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What do you mean it's unlikely to be Euclidean, or Lorentzian?
I think that if it was obvious we would already know what it was.
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Why do you have to go and complicate things.
I don't want the axes to be able to expand and contract though' date=' because there was a unit of distance chosen. I want the axes rigid.
Let matter expand and contract, not the axes.[/quote']
If you find an absolute reference frame (if such a thing exists) it is unlikely to be Euclidean (or even simply Lorentzian).
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The thing about frames' date=' is that [b']they can translate, and rotate[/b]. That means that the truth value of certain statements can vary in time. So...
.
...and expand and/or contract, constantly or at a varying rate, with respect to another frame.
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First swansont, and now you. What is an absolute frame[/i']?
You will be telling us at your Nobel prize acceptance speech!
(I do not know but I'm sure it's not Euclidean)
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Then in the one frame, the statement that Jim turned 40 when John turned 31 will be true, and in the other frame, the statement that, "John turned 40 when Jim turned 31" will be true. This is a temporal paradox. And it is caused by assuming that the time dilation formula is true in both frames[/b'].
Johnny, this is how these frames work by definition. If you somehow come up with absolute frames that work differently that would be great. I won't say it is impossible.
But, the way these frames are defined, that is the way they work.
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You better explain this one more.
Also' date=' in a previous post in this thread, you stated the speed of light isn't constant in the frame in question. Could you say why please?[/quote']
You chose the Earth as the frame. The Earth is spinning. You therefore have to account for the centrifugal "force" on your pebble even at "rest". While low speed newtonian physics works great in this frame on or near the Earth "corrections" must be made for greater precision. Pseudo forces such as the centrifugal force or coriollis force can be used to balance things out or correct for the fact that this is not an inertial frame.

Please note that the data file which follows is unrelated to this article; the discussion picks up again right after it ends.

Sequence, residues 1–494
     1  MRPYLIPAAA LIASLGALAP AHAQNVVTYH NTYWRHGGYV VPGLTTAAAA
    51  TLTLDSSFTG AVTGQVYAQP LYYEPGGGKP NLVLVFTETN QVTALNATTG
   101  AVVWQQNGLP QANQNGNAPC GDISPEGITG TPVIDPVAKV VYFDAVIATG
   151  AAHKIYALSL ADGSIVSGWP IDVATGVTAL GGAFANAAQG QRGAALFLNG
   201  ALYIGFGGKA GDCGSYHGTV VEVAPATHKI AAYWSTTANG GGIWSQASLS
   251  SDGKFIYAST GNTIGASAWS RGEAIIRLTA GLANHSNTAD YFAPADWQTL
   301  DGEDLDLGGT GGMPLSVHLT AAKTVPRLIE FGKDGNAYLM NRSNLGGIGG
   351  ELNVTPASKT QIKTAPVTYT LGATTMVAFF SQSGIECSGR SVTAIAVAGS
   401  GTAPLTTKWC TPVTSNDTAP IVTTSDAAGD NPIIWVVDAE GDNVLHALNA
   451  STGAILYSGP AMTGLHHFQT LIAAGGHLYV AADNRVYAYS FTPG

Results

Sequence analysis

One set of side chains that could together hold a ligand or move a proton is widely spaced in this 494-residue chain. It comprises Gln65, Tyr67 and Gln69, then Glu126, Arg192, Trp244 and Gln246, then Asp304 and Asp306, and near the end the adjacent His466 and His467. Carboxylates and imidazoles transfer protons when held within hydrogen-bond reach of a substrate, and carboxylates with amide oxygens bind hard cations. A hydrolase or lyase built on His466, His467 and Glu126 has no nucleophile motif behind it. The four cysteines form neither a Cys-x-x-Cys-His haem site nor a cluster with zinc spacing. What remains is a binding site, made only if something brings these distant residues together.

The speed of light is not constant in this frame. This would seem obvious if the Earth was spinning at much higher speed. Since it is not, the discrepancy is small locally but more obvious and much larger if you extended this frame out beyond the solar system. Go far enough and all matter, all stars etc. are all going much faster than 300,000 km/s.
Of course this is far beyond the normal use of this frame. It is a very useful and common frame to use but you have to be aware of the limitations. It is a poor choice of frame to use to try and prove that SR or GR or the equivalence principle are wrong. They all require "corrections" in this frame.
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When it is not an inertial frame the forces do not have to net to zero to have the particle/body remain stationary in that frame. It often requires a pseudo force (coriollis etc.) to accomplish this.
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Spyman gave me an idea about light
in Astronomy and Cosmology
Posted
And not the position of the star when it affected that curvature and gradient? In some frames what you are saying seems obvious or straight forward while in others it seems wrong. I have to give this some thought.